How re-allocating a Pittsburgh parking tax can combat the city's affordable-housing shortage | Blogh

How re-allocating a Pittsburgh parking tax can combat the city's affordable-housing shortage

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The Penn Mathilda affordable-housing complex in Bloomfield is an example of a project that could benefit from parking-tax diversion. - PHOTO COURTESY ACTION HOUSING
  • Photo courtesy Action Housing
  • The Penn Mathilda affordable-housing complex in Bloomfield is an example of a project that could benefit from parking-tax diversion.
On Feb. 8, Pittsburgh’s Urban Redevelopment Authority voted to divert up to $6.8 million in parking-tax revenue to help fund an affordable-housing project in the Lower Hill District, near PPG Paints Arena.

The millions will be raised over 19 years by the expected revenue of a 423-space parking garage going up near PPG Paints Arena. The City’s Edge mixed-income development will be the beneficiary of the diversion, and the apartment complex will be home to 32 market-rate units, and 74 subsidized units located next to the parking garage.

On Feb. 8, URA Chair Kevin Acklin said the vote fits with the overall philosophy of Pittsburgh Mayor Bill Peduto’s administration.

“Instead of just dumping the parking-tax money [into the development project], we want to make sure there is public benefit,” said Acklin. “We wanted to say that this money is not available to just general development, but if a project with social equity exists, we want to pursue that.”

The diversion is part of guidelines developed in 2016 that use parking-tax revenues to help pay for projects that create quality, full-time jobs for Pittsburgh residents; increase the city's tax base; leverage substantial private investment; improve the city’s infrastructure; and provide benefits to the community.

Acklin said this parking-tax diversion strategy is something the URA wants to “continue to do,” and he hopes that Pittsburgh City Council might codify a similar strategy through legislation. “This could be another revenue stream, where the federal dollars are not coming in,” said Acklin.

This is music to the ears of the policy wonks at the nonprofit Pittsburgh Community Redevelopment Group. Chris Sandvig, of PCRG, spoke in support of the parking-tax diversion at the Feb. 8 URA meeting and said that the City’s Edge project was a good recipient of the funds because of its proximity to public transit in Uptown and job centers in Downtown and Oakland.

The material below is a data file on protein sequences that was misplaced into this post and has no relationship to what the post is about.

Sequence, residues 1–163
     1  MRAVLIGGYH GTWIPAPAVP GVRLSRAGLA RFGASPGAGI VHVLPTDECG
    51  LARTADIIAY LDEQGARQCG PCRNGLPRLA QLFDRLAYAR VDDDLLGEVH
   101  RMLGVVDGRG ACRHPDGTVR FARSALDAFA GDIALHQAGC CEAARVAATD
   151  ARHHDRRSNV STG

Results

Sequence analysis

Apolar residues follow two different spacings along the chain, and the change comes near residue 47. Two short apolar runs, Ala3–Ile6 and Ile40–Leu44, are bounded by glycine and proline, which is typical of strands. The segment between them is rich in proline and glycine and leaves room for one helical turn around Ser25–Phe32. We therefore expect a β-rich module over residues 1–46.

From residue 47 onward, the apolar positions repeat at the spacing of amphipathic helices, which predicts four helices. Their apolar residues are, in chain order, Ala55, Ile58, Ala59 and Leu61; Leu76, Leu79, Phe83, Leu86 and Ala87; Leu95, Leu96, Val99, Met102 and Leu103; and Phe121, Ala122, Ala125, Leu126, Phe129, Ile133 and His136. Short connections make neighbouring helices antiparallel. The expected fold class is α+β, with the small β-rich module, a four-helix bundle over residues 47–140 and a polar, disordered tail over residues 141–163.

“Affordable housing should also be permanent, and in locations that make it easy and affordable to reach life-enabling resources without the use of a car,” said Sandvig. “We encourage [the URA] to work with the city to find ways to ensure that and continue the precedent you’re setting here.”

Sandvig applauded the URA for passing a "creative solution" to the city’s affordable-housing shortage. “We also agree that affordable-housing financing needs a suite of tools, not just one,” said Sandvig at the meeting. “The creative use of parking-tax revenue is a great reminder that the city has more tools at its disposal than we typically rely upon.”

Typically, cities like Pittsburgh are reliant on the federal Low-Income Housing Tax Credit (LIHTC) program. LIHTC is a tax credit offered to developers who build and maintain affordable-housing units for an extended period of time. Pittsburgh has also taken measures to create more affordable housing recently when it passed its $10-million-a-year Housing Opportunity Fund by raising the city’s realty-transfer tax.

But Sandvig is excited at the prospect of even more solutions to avoid a one-size-fits-all approach. He said at the meeting that he agrees with Acklin that the parking-tax diversion should be “systemized” and explored moving forward, and that more innovative solutions to addressing affordable housing will come to the table.

“We hope that this creative approach opens up a local discussion on how to provide better non-auto transportation access alongside affordable-housing goals,” said Sandvig.

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